- Phil Wheat
• Xan Brooks liveblogs the ceremony
• Full list of winners as they're announced
O'Toole was nominated eight times for the best actor Oscar, but was unsuccessful in winning any, though he was partly compensated by being given an honorary Academy award in 2003. His Oscar-night losses included some of his best-known roles, among them Te Lawrence in 1962, the title role in Becket in 1964, and mentally ill aristocrat Jack Gurney in The Ruling Class in 1972, when he was defeated by Gregory Peck (To Kill a Mockingbird), Rex Harrison (My Fair Lady) and Marlon Brando (The Godfather) respectively. His final nomination came in 2006 for Venus, when he lost »
- Andrew Pulver
Shirley Temple dead at 85: Was one of the biggest domestic box office draws of the ’30s (photo: Shirley Temple in the late ’40s) Shirley Temple, one of the biggest box office draws of the 1930s in the United States, died Monday night, February 10, 2014, at her home in Woodside, near San Francisco. The cause of death wasn’t made public. Shirley Temple (born in Santa Monica on April 23, 1928) was 85. Shirley Temple became a star in 1934, following the release of Paramount’s Alexander Hall-directed comedy-tearjerker Little Miss Marker, in which Temple had the title role as a little girl who, left in the care of bookies, almost loses her childlike ways before coming around to regenerate Adolphe Menjou and his gang. That same year, Temple became a Fox contract player, and is credited with saving the studio — 20th Century Fox from 1935 on — from bankruptcy. Whether or not that’s true is a different story, »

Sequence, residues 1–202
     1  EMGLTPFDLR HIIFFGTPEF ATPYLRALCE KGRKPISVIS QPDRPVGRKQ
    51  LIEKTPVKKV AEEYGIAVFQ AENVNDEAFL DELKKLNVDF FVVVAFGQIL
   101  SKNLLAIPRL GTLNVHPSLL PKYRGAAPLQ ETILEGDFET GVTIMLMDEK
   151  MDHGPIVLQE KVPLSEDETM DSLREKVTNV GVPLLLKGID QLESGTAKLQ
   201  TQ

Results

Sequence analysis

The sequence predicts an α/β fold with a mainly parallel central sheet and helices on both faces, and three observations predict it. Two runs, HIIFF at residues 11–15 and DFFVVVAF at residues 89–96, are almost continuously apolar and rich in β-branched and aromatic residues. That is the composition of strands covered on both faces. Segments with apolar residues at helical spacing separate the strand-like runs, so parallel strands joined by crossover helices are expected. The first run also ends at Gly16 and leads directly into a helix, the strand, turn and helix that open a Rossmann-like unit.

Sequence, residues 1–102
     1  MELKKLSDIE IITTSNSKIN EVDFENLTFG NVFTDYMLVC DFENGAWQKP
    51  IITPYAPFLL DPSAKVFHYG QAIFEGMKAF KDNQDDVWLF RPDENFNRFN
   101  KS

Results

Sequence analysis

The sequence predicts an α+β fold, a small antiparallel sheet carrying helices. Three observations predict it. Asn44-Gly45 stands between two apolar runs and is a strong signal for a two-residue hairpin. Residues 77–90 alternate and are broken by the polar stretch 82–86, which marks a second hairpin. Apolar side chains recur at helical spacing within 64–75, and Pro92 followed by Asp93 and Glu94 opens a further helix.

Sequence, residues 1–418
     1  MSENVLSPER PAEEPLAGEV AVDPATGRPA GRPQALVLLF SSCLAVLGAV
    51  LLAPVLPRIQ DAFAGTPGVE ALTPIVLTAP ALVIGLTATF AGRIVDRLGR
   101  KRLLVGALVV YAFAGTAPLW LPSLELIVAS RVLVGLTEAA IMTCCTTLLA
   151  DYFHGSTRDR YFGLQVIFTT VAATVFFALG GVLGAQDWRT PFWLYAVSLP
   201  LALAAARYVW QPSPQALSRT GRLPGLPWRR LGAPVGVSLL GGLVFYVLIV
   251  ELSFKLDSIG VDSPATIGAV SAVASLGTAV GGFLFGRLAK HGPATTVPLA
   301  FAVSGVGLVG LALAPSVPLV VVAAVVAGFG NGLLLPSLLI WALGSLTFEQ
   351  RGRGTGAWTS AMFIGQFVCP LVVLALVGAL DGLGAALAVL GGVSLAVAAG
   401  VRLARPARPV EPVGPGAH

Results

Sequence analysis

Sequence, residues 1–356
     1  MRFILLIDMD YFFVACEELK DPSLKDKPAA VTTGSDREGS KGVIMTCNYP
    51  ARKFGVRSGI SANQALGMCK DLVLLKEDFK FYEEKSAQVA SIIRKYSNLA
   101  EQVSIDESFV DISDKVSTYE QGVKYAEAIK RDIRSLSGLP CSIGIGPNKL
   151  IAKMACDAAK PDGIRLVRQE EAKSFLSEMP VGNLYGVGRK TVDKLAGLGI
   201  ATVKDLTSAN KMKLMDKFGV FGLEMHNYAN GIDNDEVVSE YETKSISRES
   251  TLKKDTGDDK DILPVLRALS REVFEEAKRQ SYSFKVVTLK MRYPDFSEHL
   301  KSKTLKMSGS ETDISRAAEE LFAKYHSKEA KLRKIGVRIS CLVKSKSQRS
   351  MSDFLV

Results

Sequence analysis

- Andre Soares
Following the troubled production and surprising success of World War Z, Marc Forster has found his next directing gig. He'll be behind the camera for an adaptation of Pierce Brown's recent novel Red Rising. Brown wrote the screenplay himself, and Joe Roth (Alice In Wonderland, Oz The Great And Powerful) is among the producers.The novel is a sci-fi action film set on Mars, at a time when it's been colonised by humans, apparently due to the impending death of Earth. Sixteen-year-old Darrow is a "Helldiver", one of the miners - the "Red" caste - who live a bleak existence below the surface, doing the desperately hard work required for the terraforming project. The ruling class on the surface are "Golds", but the social order is destined for a shake-up when Darrow discovers his life is premised on a lie. Disguised as a Gold, Darrow sets out to infiltrate Mars' »